Art World

Paul Gauguin: A Spiritual Journey

Paul Gauguin’s Reclining Tahitian Women, 1894. Photograph by Ole Haupt, © Ny Carlsberg Glyptotek, Copenhagen, image courtesy of the Fine Arts Museums of San Francisco

In the de Young’s first exhibition dedicated to the work of Paul Gauguin, Gauguin: A Spiritual Journey explores the work of the artist as it relates to his personal relationships and his search for spirituality. Eugene Henri Paul Gauguin was a key member of the post-Impressionist era of painters along with Paul Cezanne, Vincent Van Gogh, and Georges Seurat. Known as an explorer of inner and outer worlds, Gauguin’s non-naturalistic use of bold color and flat, stylized shapes seem to reflect the rich interior life of his subjects. Reclining Tahitian Women (1894) shows women in repose, seemingly lost in thought on a bed of violet and pink shapes that symbolize shade cast by a tree. A more traditional still life painting, Flowers and Cats (1899) offers a subtler version of Gauguin’s painting talents — still with the signature flattening of space and vivid color pallet in the lively orange flowers against a wall painted more like a sunset than an interior.

Paul Gauguin’s Flowers and Cats, 1899. Photograph by Ole Haupt, © Ny Carlsberg Glyptotek, Copenhagen, image courtesy of the Fine Arts Museums of San Francisco

Paul Gauguin’s Flowers and Cats, 1899. Photograph by Ole Haupt, © Ny Carlsberg Glyptotek, Copenhagen, image courtesy of the Fine Arts Museums of San Francisco


Adventure and exploration also came in the form of collaboration and travel. Collaborations with Van Gogh and Emile Bernard furthered Gauguin’s experiment with flattened fields of vibrant color and dark outlines that later influenced painters like Pablo Picasso and Henri Matisse. This exhibition progresses from early (ca. 1873) drawings of his wife, Mette Gad, to well-known works inspired by his travels to Tahiti.

Among Gauguin’s painting subjects are people believed to be indigenous Mahu or Tahitian “third gender” individuals. In Samoa, the term Fa’afafine is an equivalent term for a queer minority considered to be gifted in the spirit of more than one gender. Artist Yuki Kihara was commissioned to create a video work that will debut with this exhibition. Filmed in Upolu Island Samoa, her piece entitled First Impressions: Paul Gauguin shows a group of Fa’afafine friends discussing works that Gauguin created during his time in the Pacific.


More than just paintings, this exhibition features 15 of Gauguin’s experimental ceramics and elaborate wood carvings along with period photography and his letters and writings. Included among the woodcuts is Femme cueillant des fruits et Oviri (Woman Picking Fruit and Oviri), (1896-97). In a daring and forward-thinking approach to composition, a bold white highlight bisects the woodcut’s visual field, which tells the story of a woman picking fruit among dark trees with a haunted figure in the foreground, cropped at its left eye, regarding the viewer. Stylized shapes and dreamlike subjects continue as a theme in Woman with Mango Fruits (ca. 1889), a carving in oak painted in festive colors. A smiling woman picking mangoes sits in the middle of a darkened, lush jungle surrounded by mischievous grinning monkeys as disembodied heads of women who may represent spirits look on.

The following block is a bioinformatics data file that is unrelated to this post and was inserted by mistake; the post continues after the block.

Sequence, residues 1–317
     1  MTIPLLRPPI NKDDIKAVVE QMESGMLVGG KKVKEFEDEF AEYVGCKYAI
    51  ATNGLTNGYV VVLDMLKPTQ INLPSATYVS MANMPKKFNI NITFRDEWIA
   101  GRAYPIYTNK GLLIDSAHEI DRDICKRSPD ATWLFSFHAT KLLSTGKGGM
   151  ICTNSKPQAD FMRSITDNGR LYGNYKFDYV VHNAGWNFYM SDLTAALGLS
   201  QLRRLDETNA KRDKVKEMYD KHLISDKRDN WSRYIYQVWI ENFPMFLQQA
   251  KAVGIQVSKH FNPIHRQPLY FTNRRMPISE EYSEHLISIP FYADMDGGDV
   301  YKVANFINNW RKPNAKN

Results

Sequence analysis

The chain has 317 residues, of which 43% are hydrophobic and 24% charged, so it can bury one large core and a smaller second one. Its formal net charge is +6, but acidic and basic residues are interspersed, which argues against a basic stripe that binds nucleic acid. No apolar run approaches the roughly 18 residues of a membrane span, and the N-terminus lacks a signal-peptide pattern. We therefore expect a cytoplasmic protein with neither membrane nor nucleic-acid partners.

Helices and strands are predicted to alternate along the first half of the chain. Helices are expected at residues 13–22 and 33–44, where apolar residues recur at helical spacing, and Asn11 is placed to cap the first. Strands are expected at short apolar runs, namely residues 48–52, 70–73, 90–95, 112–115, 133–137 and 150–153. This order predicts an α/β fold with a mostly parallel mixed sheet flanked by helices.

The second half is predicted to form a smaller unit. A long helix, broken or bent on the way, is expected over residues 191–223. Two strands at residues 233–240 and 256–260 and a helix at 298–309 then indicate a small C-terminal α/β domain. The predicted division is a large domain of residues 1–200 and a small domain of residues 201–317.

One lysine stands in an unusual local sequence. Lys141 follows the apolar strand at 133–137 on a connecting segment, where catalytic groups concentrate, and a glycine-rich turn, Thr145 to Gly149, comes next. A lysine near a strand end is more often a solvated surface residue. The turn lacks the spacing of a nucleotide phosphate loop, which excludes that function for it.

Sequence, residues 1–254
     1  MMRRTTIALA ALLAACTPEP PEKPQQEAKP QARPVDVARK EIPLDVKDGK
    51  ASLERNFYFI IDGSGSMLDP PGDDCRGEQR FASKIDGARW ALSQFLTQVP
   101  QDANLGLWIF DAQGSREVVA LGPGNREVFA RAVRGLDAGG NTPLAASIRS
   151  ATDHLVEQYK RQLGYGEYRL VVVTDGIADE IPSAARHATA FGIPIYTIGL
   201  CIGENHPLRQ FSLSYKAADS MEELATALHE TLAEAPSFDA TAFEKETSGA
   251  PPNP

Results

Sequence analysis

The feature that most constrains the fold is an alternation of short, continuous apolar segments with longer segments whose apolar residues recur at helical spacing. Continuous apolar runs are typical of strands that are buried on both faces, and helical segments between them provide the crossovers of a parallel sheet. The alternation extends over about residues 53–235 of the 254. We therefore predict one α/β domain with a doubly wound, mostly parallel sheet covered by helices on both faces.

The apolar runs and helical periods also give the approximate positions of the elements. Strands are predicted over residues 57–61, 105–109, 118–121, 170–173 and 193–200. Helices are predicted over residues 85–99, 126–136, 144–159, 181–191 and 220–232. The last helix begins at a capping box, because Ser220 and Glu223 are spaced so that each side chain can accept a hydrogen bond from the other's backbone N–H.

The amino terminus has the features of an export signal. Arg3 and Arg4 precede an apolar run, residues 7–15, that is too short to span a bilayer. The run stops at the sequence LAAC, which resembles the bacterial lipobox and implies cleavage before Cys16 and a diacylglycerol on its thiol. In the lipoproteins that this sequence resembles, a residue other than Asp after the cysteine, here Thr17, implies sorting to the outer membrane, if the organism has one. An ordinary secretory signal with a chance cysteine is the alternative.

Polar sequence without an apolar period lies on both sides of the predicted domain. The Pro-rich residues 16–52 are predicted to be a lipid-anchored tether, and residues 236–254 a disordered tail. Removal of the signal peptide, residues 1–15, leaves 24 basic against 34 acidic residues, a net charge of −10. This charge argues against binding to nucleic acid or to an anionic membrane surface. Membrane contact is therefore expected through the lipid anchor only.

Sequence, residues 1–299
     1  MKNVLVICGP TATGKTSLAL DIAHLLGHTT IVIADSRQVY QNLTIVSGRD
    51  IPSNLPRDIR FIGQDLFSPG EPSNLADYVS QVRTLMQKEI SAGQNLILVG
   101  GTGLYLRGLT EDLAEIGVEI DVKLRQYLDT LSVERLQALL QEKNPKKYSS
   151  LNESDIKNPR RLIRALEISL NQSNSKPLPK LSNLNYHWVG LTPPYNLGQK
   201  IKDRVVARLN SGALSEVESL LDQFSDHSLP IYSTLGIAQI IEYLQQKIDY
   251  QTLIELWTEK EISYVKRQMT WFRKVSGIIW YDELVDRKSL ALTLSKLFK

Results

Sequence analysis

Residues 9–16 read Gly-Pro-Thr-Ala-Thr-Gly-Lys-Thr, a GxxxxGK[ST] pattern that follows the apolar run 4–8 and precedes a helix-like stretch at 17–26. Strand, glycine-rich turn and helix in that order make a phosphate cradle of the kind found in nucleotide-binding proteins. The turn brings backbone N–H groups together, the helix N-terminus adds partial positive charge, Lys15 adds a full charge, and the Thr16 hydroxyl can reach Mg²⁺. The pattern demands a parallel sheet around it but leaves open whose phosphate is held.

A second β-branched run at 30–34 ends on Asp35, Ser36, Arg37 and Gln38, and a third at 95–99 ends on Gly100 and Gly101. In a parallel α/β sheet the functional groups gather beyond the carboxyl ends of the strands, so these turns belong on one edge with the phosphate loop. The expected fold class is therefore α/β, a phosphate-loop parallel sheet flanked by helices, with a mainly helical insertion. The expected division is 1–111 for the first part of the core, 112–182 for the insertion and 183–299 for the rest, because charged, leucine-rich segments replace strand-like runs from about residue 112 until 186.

Highlighting the artist’s time spent in the Pacific region en route to Tahiti in 1895, carvings and images from New Zealand, The Marquesas Islands, and Tahiti will be on view from Fine Arts Museums of San Francisco’s own holdings in the Oceanic arts. Cristina Hellmich, curator in charge of the Arts of Africa, Oceania and the Americas at the FAMSF says, “I am pleased we can highlight some lesser-known aspects of his life, including his wife’s critical role in his career, and offer contemporary perspectives through a new video installation.  The striking works of Maori, Marquesan, and Tahitian art from our own collection will allow visitors to learn about Gauguin’s fervent interest in the art and spirituality of Oceania. Tekoteko (gable figure) of Ko Tuwhakairiora, (ca. 1880) is part of the FAMSF’s permanent collection. Made from wood, abalone shell (paua), and human hair, the work is a good example of the stylized figurative sculpture in New Zealand. There’s a clear connection of influence between the abstract human figure carving with its hard, graphic lines and Gauguin’s approach to his own art.

Assisting in the presentation of Gauguin’s work in a new, contemporary context was the exceptional partnership with the Ny Carlsberg Glyptotek in Copenhagen.  Containing one of the world’s finest holdings of Gauguin’s works, The Glyptotek collaborated with the FAMSF to bring together more than 60 Gauguin works on view.

Gauguin: A Spiritual Journey: Tue.–Sun., 9:30 a.m.–5:15 p.m. Nov. 17 through April 7, $28, de Young Museum, 50 Hagiwara Tea Garden Dr., 415-750-3600,


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Sharon Anderson is an artist and writer in Southern California. She can be reached at